iron and steel mills and ferro-alloy manufacturing,
petroleum and coal product manufacturing
(234 facilities)
Disposed of 1,065 t
Sent to off-site recycling 1,055 t
t = tonne
US Household Products 2016[11]
Search Term # Products Product Type
‘Benzene’ 17 adhesives (3), interior paints (2), wood finish (1),
adhesive remover (1), pet care lotion (1), sealant (1),
auto part cleaner/degreaser (5), motor oil (3)


This map shows predicted levels of benzene in outdoor air at residential locations by health region in Canada as of 2011. The average (median) concentration of benzene within the health regions measured in outdoor air for 2011 was 0.608 µg/m3, but concentrations of benzene can be higher or lower than average in many locations. Concentrations should be compared to the applicable jurisdictional guidelines and standards for ambient air quality based on chronic, carcinogenic effects (or non-carcinogenic effects, if cancer is not the point of interest).

*Measured at the National Air Pollution Surveillance (NAPS) monitors in 2011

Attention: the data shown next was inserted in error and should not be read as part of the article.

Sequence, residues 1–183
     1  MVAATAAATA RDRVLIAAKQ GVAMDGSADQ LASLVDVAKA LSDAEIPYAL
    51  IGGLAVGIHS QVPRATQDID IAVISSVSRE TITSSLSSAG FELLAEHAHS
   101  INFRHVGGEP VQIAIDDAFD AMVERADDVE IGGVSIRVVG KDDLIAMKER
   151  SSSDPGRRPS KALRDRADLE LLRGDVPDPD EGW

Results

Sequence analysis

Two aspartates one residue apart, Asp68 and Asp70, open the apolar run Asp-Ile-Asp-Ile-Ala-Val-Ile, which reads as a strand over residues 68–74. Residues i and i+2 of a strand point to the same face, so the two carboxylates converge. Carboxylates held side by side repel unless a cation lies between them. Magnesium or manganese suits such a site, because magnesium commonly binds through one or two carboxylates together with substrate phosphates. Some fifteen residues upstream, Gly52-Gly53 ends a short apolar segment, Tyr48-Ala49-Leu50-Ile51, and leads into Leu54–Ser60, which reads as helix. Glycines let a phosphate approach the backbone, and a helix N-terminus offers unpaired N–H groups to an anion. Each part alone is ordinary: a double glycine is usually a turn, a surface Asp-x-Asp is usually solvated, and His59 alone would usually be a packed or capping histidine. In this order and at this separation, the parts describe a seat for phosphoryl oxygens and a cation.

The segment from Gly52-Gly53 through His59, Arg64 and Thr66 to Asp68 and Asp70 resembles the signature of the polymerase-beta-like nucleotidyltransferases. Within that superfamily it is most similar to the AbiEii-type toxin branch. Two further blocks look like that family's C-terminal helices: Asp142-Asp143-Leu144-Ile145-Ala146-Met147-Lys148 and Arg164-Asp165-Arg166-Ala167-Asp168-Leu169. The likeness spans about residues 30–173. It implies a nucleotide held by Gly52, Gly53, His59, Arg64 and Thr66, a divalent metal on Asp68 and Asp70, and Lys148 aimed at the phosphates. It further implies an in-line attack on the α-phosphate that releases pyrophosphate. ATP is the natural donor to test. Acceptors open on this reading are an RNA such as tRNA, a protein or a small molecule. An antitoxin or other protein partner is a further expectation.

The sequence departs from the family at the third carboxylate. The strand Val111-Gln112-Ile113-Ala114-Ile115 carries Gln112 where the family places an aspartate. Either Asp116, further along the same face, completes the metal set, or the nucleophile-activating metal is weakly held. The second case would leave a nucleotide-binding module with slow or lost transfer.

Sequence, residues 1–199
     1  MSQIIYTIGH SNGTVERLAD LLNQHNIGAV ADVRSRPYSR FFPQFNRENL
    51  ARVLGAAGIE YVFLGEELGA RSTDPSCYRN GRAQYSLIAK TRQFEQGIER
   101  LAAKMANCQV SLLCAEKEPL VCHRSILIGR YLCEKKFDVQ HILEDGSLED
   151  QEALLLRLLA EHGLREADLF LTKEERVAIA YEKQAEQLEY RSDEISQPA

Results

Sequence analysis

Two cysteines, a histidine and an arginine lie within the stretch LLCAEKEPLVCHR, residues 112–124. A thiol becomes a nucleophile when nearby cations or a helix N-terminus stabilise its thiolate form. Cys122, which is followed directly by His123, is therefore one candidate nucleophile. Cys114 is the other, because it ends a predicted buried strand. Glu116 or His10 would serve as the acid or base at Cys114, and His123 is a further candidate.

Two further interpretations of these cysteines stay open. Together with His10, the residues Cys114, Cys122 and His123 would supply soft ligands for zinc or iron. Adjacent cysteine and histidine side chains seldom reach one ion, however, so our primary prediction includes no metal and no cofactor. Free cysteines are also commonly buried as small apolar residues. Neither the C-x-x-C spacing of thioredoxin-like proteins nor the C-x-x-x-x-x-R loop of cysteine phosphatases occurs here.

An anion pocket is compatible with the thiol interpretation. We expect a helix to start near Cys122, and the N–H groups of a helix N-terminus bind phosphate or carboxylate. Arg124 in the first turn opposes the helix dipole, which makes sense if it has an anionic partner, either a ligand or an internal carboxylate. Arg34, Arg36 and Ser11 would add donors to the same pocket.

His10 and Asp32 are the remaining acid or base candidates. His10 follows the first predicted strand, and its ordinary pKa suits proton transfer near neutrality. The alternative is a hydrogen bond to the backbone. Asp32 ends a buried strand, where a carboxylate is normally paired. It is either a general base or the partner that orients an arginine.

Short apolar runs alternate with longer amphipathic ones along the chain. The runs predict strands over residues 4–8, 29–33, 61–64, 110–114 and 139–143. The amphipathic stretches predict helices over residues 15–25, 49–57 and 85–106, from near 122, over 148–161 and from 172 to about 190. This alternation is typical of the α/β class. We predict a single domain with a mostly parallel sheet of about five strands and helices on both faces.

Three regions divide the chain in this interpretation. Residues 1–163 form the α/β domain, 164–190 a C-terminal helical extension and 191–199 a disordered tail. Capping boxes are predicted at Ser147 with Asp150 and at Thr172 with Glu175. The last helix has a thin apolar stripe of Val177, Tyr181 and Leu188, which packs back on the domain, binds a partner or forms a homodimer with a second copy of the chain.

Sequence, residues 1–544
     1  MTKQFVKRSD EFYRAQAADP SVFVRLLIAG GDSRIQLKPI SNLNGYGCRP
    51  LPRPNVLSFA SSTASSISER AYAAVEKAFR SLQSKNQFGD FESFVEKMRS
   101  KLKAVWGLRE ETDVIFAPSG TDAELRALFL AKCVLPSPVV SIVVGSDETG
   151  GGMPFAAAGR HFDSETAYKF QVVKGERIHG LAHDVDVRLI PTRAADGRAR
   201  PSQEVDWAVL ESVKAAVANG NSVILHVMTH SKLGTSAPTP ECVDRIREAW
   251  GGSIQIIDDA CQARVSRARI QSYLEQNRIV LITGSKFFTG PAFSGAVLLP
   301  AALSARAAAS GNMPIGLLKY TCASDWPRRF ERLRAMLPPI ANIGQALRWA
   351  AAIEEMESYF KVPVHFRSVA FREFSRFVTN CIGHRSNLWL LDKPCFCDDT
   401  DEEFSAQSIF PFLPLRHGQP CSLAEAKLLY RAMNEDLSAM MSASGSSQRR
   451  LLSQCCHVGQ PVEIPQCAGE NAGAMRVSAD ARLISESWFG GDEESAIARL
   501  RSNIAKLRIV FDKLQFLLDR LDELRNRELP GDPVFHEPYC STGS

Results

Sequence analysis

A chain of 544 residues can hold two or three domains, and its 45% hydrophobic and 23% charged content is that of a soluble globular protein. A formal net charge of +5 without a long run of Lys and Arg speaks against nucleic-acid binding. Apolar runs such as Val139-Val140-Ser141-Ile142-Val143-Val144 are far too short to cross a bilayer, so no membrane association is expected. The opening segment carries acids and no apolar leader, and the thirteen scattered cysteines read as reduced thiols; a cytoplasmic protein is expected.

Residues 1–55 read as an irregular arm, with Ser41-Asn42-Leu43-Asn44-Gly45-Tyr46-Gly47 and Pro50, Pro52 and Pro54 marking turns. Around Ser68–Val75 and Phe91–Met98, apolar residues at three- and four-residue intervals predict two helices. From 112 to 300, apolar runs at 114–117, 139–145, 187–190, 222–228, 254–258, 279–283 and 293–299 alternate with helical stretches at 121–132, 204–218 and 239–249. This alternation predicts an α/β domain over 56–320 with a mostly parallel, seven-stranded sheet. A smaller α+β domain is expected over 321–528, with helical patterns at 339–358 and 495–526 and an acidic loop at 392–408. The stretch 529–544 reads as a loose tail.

Cancer risk estimates

Potential lifetime excess cancer risk (LECR) is an indicator of Canadians’ exposure to known or suspected carcinogens in the environment. When potential LECR is more than 1 per million in a single pathway, a more detailed risk assessment may be useful for confirming the need to reduce individual exposure. If measured levels of benzene in relevant exposure pathways (outdoor air, indoor air, drinking water, and food and beverages) decrease, the risk will also decrease.

Potential LECR is calculated by multiplying lifetime average daily intake (the amount inhaled or ingested) by a cancer potency factor or unit risk factor. More than one cancer potency factor may be available, because agencies interpret the underlying health studies differently, or use a more precautionary approach. Our results use cancer potency factors from Health Canada, the US Environmental Protection Agency (US EPA), and/or the California Office of Environmental Health Hazard Assessment (OEHHA).

The calculated lifetime daily intake and LECR results for benzene are provided in the tables below. For more information on supporting data and sources, click on the Methods and Data tab below.

Calculated lifetime daily intake

Lifetime excess cancer risk (per million people)

*LECR based on average intake x cancer potency factor from each agency

Compare substances: Canadian potential lifetime excess cancer risk, 2011

The data in this table are based on average intake and Health Canada’s cancer potency factor, assuming no change in measured levels. When Health Canada values are not available, United States Environmental Protection Agency values are used.
Click the second tab to view LECR data.